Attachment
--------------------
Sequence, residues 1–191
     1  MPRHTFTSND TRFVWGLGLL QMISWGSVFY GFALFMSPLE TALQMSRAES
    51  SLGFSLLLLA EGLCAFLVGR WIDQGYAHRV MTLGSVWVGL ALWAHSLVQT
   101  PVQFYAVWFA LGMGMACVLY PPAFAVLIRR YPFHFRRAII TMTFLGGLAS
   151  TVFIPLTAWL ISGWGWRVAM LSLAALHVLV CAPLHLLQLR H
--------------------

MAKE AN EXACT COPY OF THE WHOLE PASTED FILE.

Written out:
Sequence, residues 1–191
     1  MPRHTFTSND TRFVWGLGLL QMISWGSVFY GFALFMSPLE TALQMSRAES
    51  SLGFSLLLLA EGLCAFLVGR WIDQGYAHRV MTLGSVWVGL ALWAHSLVQT
   101  PVQFYAVWFA LGMGMACVLY PPAFAVLIRR YPFHFRRAII TMTFLGGLAS
   151  TVFIPLTAWL ISGWGWRVAM LSLAALHVLV CAPLHLLQLR H